The downside to this is the devastating impact it will have on the local economy and physical retail gaming stores. With games no longer available on disc, but readily available to download from the comfort of your living room couch, there will no longer be a need for physical gaming stores. Like OnDemand, Hulu and Netflix have done with Blockbuster stores, services like Xbox Live Marketplace, PlayStation Network, GameFly.com and Steam will do to gaming stores like GameStop; they’ll have to close their doors (at least to their physical storefronts; not necessarily their online presence) permanently and many will lose their jobs, all in the name of gaming innovation and convenience.
PS4 downloads will utilize a “progressive download” system, which essentially means you won’t have to wait for the whole game to download before you can start playing. As Yoshida explains:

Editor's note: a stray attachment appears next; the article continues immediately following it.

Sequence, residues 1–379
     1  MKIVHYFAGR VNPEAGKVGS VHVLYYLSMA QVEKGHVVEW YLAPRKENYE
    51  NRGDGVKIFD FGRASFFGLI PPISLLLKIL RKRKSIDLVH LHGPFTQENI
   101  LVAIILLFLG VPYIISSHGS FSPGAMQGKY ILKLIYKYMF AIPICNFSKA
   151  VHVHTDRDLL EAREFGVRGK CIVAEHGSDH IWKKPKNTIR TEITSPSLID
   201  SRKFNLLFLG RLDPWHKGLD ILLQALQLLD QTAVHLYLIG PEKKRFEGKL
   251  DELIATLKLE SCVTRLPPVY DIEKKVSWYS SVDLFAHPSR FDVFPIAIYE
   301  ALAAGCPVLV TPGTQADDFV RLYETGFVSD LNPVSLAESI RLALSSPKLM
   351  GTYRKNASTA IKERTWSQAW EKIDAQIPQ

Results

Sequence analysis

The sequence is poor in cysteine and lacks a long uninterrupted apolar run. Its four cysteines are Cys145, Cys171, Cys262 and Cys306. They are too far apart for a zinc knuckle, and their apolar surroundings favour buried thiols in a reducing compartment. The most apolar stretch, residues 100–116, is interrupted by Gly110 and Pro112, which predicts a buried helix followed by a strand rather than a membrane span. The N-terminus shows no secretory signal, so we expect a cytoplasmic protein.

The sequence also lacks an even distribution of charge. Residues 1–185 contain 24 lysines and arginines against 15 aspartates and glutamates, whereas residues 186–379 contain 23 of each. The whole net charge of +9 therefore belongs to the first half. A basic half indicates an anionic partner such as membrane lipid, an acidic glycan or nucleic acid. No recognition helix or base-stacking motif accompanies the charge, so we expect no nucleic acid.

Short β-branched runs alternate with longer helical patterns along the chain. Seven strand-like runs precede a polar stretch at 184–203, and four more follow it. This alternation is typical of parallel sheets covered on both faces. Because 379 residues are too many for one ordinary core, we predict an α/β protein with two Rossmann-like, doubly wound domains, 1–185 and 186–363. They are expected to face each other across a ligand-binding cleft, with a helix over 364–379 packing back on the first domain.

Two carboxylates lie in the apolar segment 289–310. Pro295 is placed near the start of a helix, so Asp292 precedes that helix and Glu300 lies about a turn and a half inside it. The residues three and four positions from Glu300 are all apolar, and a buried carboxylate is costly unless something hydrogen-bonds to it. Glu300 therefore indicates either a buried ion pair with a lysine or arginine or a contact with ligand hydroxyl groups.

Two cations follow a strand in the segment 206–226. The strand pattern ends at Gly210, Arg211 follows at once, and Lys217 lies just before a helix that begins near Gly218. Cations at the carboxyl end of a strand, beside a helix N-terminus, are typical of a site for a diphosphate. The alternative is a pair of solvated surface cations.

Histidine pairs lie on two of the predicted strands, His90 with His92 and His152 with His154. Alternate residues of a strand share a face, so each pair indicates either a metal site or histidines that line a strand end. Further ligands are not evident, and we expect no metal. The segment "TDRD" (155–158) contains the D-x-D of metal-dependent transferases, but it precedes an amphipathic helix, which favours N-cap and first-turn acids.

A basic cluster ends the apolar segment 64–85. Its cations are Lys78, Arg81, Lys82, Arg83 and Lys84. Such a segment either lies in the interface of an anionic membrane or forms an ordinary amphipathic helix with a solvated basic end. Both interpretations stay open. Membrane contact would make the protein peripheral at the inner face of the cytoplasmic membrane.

“Once you have the minimum amount of data downloaded you can begin the game, and while you play, the remaining data downloads.”
Many of the existing PS3 games today are available as digital downloads and can be purchased at a cheaper price than their physical retail disc versions. It’s no surprise that the relative success of services like PSN, Xbox Live and Steam have pushed digital distribution to the forefront of the gaming industry. But how do feel about Sony’s move to a complete digital download system? Do you feel digital game distribution will revolutionize the gaming experience? Or will gamers end up losing out with the one-on-one personal connection they have with game store employees who can offer valuable insight and feedback on their favorite games? Leave your comments below.